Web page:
Examples of photodetectors suitable for integrated control of a VCSEL and control systems are described in detail in applicant's copending patent application U.S. Appln. No. 60/300,129, the contents of which were incorporated by reference. Such a photodetector comprises a dynamic threshold MOS (DTMOS) transistor formed in ultrathin silicon-on-sapphire. The DTMOS photodetector lends itself to fabrication in a novel toroidal layout, such as shown in
If the VCSEL is of the type that requires two top electrical contacts, the contacts are provided by conductive bonds 21 and layer 37 represents a thermally conductive bond to support base 35. If the VCSEL requires a top contact and a back contact, layer 37 represents an electrically and thermally conductive bond to electrically conductive areas on support base 35.
The inset detail 10 a shows more closely a VCSEL 20, illustrating good coupling of VCSEL emitted light 23 into optical fiber core 16. Some light reflects back from the optical output surface 18. If desired, a reflective coating can be present on selected areas of 18 to enhance reflection. Photodetectors 26 are positioned to sample this light, and can provide feedback control to the VCSEL driver circuit in the silicon layer on surface 22
An element of the IC/OE package of the invention is an optical connector, wherein an integrated electronic-optoelectronic module is mounted on a stage or supporting member that also supports related electronics and electrical interconnections. The stage may be a flexible or rigid printed circuit board, a multichip module, or any support material that provides electrical connection between the integrated electronic-optoelectronic module and other functions such as input/output to an optical network.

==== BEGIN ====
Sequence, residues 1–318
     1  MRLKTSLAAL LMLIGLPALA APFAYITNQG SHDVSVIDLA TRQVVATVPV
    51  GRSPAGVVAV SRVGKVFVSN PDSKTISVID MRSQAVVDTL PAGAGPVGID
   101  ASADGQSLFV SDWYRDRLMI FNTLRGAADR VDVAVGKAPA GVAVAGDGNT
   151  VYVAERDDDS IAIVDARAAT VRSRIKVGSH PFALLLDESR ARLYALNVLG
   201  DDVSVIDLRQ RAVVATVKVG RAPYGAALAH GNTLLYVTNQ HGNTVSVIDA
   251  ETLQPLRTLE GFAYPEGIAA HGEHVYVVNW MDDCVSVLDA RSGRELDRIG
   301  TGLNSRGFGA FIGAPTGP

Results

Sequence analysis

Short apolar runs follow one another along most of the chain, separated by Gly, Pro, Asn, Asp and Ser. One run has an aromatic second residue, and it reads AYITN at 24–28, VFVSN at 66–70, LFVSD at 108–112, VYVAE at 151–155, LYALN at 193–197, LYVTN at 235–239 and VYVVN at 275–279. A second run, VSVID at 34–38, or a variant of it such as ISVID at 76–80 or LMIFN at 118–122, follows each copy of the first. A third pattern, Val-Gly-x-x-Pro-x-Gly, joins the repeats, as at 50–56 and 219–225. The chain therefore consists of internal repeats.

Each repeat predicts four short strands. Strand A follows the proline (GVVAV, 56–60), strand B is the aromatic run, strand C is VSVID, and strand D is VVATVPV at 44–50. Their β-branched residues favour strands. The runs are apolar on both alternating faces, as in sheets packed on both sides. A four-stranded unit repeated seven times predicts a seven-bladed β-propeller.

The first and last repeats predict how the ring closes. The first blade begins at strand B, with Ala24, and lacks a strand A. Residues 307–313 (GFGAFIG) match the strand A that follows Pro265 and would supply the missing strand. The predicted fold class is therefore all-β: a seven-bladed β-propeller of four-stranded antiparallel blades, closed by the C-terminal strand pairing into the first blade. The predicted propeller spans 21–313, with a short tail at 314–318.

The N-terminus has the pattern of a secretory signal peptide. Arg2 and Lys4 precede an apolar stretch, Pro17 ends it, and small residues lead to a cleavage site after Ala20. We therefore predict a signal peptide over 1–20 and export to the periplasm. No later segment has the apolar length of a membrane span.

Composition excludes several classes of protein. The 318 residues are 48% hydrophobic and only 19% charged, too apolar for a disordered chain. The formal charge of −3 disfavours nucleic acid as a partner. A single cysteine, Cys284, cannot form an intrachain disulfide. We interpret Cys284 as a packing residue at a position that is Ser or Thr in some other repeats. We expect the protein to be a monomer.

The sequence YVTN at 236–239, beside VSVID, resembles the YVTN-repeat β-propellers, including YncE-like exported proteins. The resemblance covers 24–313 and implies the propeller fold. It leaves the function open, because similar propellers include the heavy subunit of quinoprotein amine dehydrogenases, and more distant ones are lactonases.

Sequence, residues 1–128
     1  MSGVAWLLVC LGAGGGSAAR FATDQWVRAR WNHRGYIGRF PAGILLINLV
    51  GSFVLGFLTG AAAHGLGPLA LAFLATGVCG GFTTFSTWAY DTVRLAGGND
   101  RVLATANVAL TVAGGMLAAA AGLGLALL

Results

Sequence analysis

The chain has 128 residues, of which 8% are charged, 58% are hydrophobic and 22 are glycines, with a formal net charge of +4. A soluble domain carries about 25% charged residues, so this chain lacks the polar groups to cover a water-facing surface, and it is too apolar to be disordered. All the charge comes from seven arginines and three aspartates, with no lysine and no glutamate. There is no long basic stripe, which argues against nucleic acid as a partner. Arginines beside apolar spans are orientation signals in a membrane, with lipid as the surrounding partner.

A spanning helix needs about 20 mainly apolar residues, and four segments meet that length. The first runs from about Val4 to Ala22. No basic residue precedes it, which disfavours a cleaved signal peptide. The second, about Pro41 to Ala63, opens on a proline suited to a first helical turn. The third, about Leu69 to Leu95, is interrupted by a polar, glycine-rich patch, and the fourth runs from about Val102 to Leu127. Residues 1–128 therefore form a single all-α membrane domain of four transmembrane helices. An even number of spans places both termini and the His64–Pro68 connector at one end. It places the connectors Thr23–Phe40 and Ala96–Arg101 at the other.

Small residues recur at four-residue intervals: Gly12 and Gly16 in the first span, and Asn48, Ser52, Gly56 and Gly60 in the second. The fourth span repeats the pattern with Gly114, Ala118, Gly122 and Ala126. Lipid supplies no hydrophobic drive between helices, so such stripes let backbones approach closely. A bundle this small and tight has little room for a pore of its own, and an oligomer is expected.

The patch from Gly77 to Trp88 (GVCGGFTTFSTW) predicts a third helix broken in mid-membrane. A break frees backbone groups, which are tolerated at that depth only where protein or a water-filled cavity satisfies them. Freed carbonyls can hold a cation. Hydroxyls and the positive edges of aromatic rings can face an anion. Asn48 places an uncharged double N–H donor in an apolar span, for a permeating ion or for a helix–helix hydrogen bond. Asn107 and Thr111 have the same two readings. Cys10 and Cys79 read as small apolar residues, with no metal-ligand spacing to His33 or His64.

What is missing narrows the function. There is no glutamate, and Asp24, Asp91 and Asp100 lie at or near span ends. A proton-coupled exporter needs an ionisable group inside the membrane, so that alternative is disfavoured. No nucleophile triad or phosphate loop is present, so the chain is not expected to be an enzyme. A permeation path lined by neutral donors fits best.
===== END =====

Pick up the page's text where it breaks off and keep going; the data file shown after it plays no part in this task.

Packaging Aspects and Thermal Management
The use of an interposer board for immediate mounting of the transparent insulating substrate is advantageous for a number of reasons. The OE devices can be flip-chipped to the transparent substrate; bonded to the interposer board; the interposer board adhesively attached to a backing heat sink; and this subassembly can be environmentally sealed to provide a rugged and versatile subassembly for mounting in a variety of applications characterized by different geometries.
Optoelectronic devices, lasers in particular, are sensitive to temperature variations. Various optical properties will change with temperature; for example, the optical wavelength, the output intensity, and the angle of beam divergence all vary with temperature. Most commercial VCSELs cease emitting light at temperatures above 110° C., which is just 20° C. higher than many telecom requirements. Therefore it is desirable to provide an efficient thermal relief path for the OE devices and minimize the thermal exposure to other heat producing components in the system, such as active circuitry. The thermally conductive adhesive 229 which bonds the heat sink 105 to the interposer board 104 is selected to have good thermal conductivity to move heat away from the areas that generate heat—the active CMOS circuitry and the OE devices. The thermal adhesive must also absorb the mismatch of thermal expansion coefficients of the various components; preferred thermal adhesives are slightly flexible after curing and have low ionic impurities but not as low as typically required by the optical underfill.